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    Obama’s Explanation of Why He Did Not Need Congressional Authorization

    Obama’s Explanation of Why He Did Not Need Congressional Authorization

    …. for the attacks on Libya sounds an awful lot like his explanation of why the health care mandate is constitutional.

    Just as the Obama administration tied the decision of an individual not to purchase health care insurance, through a series of connections and chains of causation, to the health care costs and availability of insurance of the entire nation thereby warranting regulation under the Commerce Clause mandating the individual purchase of insurance …

    … so too Obama in a letter to Congress has sought to justify the failure to obtain prior Congressional authorization by tying what happens in the civil war in Libya, through a series of connections and chains of causation, to an exigent national security threat to the United States (emphasis mine):

    Qadhafi’s continued attacks and threats against civilians and civilian populated areas are of grave concern to neighboring Arab nations and, as expressly stated in U.N. Security Council Resolution 1973, constitute a threat to the region and to international peace and security. His illegitimate use of force not only is causing the deaths of substantial numbers of civilians among his own people, but also is forcing many others to flee to neighboring countries, thereby destabilizing the peace and security of the region. Left unaddressed, the growing instability in Libya could ignite wider instability in the Middle East, with dangerous consequences to the national security interests of the United States.

    There are, of course, other possible explanations as to why congressional authorization was not needed, such as that a limited attack does not constitute the level of hostilities necessary to trigger congressional approval, but this Butterfly effect argument of exigent circumstances seems quite weak.

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    Comments


    He is poking congress in the eye. Odds are that he would've received congressional approval. He is making a statement by cutting congress out of "the loop", which might be the ultimate point of this exercise, in his mind.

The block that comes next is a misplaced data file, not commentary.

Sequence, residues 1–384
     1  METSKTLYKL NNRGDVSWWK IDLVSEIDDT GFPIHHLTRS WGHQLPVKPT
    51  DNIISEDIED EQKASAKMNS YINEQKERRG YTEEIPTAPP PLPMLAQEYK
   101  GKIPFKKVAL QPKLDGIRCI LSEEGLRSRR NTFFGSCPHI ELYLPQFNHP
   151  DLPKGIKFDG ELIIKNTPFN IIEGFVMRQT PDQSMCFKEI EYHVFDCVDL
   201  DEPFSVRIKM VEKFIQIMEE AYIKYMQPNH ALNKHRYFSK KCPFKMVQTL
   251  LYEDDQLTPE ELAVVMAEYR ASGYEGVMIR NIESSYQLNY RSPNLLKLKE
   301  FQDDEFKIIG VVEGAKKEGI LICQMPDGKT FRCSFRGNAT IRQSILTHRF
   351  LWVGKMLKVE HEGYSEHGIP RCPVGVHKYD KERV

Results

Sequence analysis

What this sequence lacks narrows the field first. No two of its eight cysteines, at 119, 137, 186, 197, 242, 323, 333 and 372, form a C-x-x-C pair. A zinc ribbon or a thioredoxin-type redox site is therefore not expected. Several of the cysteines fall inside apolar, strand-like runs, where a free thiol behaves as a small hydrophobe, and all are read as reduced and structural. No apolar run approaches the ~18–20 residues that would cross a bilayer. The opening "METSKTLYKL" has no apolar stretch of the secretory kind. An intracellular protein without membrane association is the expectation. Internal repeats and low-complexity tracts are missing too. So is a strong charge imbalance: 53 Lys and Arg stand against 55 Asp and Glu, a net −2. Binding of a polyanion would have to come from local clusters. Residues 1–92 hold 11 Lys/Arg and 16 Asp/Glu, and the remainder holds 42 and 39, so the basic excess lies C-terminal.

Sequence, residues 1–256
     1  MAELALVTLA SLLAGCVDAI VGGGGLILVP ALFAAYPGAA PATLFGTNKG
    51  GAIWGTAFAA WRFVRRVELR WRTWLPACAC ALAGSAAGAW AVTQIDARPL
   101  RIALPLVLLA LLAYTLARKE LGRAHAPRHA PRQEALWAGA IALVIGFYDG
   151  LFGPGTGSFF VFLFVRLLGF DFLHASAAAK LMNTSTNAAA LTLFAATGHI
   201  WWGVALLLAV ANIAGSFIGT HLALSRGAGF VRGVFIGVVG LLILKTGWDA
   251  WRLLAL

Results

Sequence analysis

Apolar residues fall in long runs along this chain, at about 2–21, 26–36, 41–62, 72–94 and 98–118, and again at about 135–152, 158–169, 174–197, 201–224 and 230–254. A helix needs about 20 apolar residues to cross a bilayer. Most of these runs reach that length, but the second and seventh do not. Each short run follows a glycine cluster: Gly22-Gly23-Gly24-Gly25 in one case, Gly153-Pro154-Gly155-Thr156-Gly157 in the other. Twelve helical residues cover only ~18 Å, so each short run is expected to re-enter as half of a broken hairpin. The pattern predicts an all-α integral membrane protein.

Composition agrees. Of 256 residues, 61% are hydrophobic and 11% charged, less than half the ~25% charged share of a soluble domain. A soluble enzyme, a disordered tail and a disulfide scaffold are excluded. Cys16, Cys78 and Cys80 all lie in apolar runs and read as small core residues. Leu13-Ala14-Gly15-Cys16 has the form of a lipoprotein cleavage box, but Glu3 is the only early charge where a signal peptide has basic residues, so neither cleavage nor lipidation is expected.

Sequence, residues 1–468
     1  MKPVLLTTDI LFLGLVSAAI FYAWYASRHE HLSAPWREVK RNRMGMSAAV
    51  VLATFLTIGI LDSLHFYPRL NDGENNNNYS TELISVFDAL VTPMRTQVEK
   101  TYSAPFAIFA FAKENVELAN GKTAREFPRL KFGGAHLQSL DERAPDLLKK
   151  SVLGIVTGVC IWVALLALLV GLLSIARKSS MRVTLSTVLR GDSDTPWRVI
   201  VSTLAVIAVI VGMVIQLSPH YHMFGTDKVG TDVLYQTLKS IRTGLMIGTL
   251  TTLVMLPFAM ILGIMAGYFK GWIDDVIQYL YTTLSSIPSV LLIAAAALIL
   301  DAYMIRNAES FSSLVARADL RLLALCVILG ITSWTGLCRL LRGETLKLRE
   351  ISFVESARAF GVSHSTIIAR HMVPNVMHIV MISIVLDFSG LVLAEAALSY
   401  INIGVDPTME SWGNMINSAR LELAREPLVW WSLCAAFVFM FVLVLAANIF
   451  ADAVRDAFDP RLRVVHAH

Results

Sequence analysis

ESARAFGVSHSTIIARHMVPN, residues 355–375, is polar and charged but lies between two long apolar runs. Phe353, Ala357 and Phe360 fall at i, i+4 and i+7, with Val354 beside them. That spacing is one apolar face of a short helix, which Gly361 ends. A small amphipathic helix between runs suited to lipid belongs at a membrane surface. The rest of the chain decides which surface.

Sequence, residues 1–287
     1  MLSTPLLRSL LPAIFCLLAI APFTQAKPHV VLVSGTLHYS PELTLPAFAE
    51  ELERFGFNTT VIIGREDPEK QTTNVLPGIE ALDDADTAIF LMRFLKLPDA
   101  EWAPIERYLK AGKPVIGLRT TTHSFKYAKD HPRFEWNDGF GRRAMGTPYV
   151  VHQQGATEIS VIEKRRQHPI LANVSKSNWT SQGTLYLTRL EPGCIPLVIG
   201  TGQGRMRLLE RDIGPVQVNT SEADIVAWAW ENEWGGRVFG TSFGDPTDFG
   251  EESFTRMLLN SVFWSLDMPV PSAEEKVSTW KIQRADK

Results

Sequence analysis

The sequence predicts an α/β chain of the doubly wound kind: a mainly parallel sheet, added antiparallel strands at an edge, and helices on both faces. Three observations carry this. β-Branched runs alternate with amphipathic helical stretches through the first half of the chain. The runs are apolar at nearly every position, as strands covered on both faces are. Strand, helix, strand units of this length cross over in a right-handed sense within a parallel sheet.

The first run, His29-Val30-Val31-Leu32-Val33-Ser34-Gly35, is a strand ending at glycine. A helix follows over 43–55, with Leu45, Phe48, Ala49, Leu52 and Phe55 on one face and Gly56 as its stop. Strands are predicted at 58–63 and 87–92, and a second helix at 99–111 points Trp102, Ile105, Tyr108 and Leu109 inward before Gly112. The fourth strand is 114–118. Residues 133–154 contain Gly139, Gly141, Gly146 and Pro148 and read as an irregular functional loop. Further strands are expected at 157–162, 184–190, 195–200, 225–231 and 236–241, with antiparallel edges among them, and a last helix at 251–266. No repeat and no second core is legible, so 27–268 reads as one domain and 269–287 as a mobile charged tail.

so in other words, like the mandate, the argument is for what could potentially happen, and not what is laid out in the constitution.

    In Hawaiian pidgin English, I'd say, Mr. President …

    "What? Trying, Brah?"

    Loosely translated as, "Phony, as evidenced by trying too hard,"(in this case, to make a connection).

    You gotta speak Barry's childhood language.

    In particular, it seems to me that the statement you highlighted above, as it was contained in the Obama letter argument to Congress, is not just weak.

    It is pure conjecture:

    "Left unaddressed, the growing instability in Libya could ignite wider instability in the Middle East, with dangerous consequences to the national security interests of the United States."

    There is no way to prove it, or disprove it.

    Note that he did not state that his actions were taken in the national security interests of the United States.

    He stated that, if the unfolding situation in Libya had been left unaddressed by him and by the "Coalition," dangerous consequences for the national security interests of the United States could possibly ensue.

    And, he said so, without identifying any or all of the specific national security interests of ours which, in his mind, could be affected.

    In a strange way, this is the "action-filled" version of voting present. He seems to feel caught in a huge conflict . . . an aversion to being "identifiably wrong" in the long run, coupled with an absolute need to act now.

    And he has temporarily "resolved" that conflict by advancing an unacceptably vague justification for dropping bombs!

    He isn't, despite his pretensions, our KING, nor is he the entire judicial branch rolled into one unlovely package!


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